Some emails (or texts or tweets) really should not be sent. You instantly regret sending that cross/rude/libellous message that you wrote in the heat of the moment but it’s too late – it has gone and is forever more recorded in some digital Book of Judgement, never to be recalled nor expunged. Had you paused you might – on reflection – not have acted so hastily. It may have been better to wait until the cool morning light before pressing “send”.
We are living in times when feelings are running high. This is clearly true in the church over the matter of human sexuality. It is true in wider society too, as issues such as Brexit and gender identity cause heated arguments in politics and on social media. These things are important and there are – quite properly – deeply held views on all sides. There is nothing wrong with passionate, robust and conscience-driven debate. This is one of the ways in which we try to clarify where the truth lies in our common life.
But this season of Lent may teach us that such discussion is best had after careful reflection. We learn the importance of pausing before we speak and engage. In the Lenten wilderness, we are primarily in listening mode. We discover the value of taking time out to think, pray and reflect. This does not mean we stop wrestling with deep and contentious questions or try and stop others from doing so. The Lenten pause is not a stepping aside from the demands of living but an opportunity to stop and listen carefully and pay attention, so that when we speak and act we do so wisely.
This necessary listening is threefold.
We must listen to ourselves. What am I feeling? What is troubling or moving my spirit at the moment? What preoccupies my thinking and why? How is this shaping my behaviour towards others?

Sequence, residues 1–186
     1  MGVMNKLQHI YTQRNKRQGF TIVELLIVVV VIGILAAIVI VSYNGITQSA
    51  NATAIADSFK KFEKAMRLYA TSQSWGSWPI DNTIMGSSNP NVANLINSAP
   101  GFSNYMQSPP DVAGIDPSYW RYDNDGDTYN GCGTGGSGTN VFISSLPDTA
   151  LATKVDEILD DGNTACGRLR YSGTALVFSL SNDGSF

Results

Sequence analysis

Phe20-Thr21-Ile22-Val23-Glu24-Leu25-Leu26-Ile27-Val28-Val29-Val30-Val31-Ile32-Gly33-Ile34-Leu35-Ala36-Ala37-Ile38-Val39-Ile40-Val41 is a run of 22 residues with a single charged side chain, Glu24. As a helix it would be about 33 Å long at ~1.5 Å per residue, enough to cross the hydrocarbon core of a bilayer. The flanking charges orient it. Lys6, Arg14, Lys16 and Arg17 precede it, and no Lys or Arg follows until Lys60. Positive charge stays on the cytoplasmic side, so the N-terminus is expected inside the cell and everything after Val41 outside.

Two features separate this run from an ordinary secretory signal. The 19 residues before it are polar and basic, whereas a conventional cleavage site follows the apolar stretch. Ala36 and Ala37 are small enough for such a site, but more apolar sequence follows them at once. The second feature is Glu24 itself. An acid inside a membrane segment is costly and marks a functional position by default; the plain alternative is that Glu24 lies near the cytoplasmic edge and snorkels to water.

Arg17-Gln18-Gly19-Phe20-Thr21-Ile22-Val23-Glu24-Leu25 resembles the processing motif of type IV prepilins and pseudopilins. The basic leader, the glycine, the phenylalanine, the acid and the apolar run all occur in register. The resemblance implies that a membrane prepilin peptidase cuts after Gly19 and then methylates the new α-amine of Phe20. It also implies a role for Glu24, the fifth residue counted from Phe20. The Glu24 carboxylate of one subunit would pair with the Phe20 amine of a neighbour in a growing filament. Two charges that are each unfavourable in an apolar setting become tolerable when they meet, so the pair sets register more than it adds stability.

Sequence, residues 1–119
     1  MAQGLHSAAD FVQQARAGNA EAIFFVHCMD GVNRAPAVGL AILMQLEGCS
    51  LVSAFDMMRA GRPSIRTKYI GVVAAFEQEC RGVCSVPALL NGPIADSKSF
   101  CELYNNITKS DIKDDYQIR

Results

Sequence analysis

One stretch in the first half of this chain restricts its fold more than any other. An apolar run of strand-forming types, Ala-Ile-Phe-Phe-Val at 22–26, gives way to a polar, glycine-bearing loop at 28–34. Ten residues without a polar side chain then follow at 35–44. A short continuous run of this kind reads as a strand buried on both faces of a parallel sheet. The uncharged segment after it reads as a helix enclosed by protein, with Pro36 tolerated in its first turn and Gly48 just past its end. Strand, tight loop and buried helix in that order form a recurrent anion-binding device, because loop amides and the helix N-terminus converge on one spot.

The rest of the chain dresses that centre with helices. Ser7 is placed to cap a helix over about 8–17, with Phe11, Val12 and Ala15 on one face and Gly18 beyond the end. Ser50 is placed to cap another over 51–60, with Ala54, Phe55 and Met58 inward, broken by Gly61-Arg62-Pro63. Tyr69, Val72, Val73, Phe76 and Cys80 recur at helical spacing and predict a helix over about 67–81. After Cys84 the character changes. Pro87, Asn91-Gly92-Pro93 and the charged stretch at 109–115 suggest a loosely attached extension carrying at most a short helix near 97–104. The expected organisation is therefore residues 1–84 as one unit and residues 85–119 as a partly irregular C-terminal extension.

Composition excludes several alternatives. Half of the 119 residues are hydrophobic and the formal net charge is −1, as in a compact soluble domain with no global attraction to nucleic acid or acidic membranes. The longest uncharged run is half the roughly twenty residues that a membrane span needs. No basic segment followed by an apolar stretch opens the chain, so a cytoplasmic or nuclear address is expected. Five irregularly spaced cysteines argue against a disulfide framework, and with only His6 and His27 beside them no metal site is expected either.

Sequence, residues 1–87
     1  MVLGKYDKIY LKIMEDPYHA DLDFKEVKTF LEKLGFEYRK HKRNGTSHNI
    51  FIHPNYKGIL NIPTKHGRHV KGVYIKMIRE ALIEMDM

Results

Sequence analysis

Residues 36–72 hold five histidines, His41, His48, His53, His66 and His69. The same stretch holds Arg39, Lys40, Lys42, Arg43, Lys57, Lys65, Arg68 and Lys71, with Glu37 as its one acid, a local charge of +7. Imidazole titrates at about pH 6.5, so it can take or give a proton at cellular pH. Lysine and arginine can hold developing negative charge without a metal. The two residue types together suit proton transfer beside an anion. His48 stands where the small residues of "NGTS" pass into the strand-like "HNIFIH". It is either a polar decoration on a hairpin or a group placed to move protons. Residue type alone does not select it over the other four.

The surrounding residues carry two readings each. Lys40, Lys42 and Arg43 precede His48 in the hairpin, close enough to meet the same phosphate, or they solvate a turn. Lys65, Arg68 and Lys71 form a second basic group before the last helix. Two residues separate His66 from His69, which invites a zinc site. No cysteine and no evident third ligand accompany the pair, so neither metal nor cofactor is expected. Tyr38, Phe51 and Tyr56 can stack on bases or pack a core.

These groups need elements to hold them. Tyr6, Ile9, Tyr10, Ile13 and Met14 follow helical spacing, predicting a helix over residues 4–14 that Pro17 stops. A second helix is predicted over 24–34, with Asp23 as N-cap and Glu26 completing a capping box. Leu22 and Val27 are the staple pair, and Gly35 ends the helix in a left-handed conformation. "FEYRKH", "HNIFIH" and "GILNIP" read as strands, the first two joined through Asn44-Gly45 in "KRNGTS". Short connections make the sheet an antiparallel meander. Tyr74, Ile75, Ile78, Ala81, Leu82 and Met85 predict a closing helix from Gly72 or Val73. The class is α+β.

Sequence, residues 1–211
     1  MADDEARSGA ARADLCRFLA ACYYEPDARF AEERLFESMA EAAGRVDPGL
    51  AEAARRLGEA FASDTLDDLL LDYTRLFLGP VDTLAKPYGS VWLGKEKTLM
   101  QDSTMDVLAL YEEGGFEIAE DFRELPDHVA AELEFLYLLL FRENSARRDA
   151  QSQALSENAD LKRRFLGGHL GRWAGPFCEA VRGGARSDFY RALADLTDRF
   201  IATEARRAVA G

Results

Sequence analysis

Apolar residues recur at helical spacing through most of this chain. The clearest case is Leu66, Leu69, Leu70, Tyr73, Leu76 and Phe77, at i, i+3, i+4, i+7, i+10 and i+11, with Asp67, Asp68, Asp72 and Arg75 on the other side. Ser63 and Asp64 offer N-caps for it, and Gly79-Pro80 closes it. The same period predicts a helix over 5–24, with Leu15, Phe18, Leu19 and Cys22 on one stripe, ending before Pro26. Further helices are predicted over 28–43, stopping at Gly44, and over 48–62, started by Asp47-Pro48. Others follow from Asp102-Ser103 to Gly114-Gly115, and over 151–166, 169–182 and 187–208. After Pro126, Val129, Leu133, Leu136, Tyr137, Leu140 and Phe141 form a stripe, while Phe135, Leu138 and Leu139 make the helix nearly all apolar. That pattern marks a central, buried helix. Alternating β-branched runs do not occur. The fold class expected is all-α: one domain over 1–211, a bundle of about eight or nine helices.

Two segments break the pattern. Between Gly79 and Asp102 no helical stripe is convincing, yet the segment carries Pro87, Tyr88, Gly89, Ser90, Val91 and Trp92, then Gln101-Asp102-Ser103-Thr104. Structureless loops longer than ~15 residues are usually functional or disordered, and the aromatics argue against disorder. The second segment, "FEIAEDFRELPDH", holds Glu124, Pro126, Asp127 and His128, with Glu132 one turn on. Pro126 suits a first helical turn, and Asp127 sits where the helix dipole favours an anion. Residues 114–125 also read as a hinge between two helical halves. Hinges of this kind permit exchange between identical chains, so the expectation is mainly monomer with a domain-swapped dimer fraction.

We will listen to others. Lent is a great time for shared Bible study or Lent groups. We gather with our brothers and sisters in Christ to listen to one another (especially those with whom we disagree!). We also open our ears to what is happening in our streets, neighbourhoods and communities. What questions are being asked. For what do people long and why?
Above all, we pause to listen to God who sometimes speaks to us from within and through others and will always speak through scripture, worship, service and prayer. What is God saying to us, if we would only pause for a moment to listen?
In an age driven by relentless social media and constant digital distraction, there is precious little incentive to pause so that when we speak and act, we do so from a place of wisdom and compassion. Lent is the gift that reminds us of the importance of this measured attention to ourselves, to others and to God; the wisdom of pausing before pressing the button.
Rt Revd Matthew Parker
Bishop of Stafford